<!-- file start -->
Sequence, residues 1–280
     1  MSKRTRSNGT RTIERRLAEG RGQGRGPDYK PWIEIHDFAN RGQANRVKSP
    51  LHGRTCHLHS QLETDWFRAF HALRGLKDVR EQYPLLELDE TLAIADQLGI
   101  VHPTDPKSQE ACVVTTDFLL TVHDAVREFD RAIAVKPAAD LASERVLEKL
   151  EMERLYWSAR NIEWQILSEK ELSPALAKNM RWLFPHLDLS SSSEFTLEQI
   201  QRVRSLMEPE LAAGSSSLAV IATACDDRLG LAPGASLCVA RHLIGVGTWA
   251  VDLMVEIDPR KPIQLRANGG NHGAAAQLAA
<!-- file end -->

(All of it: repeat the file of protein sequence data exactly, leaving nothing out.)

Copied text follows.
Sequence, residues 1–280
     1  MSKRTRSNGT RTIERRLAEG RGQGRGPDYK PWIEIHDFAN RGQANRVKSP
    51  LHGRTCHLHS QLETDWFRAF HALRGLKDVR EQYPLLELDE TLAIADQLGI
   101  VHPTDPKSQE ACVVTTDFLL TVHDAVREFD RAIAVKPAAD LASERVLEKL
   151  EMERLYWSAR NIEWQILSEK ELSPALAKNM RWLFPHLDLS SSSEFTLEQI
   201  QRVRSLMEPE LAAGSSSLAV IATACDDRLG LAPGASLCVA RHLIGVGTWA
   251  VDLMVEIDPR KPIQLRANGG NHGAAAQLAA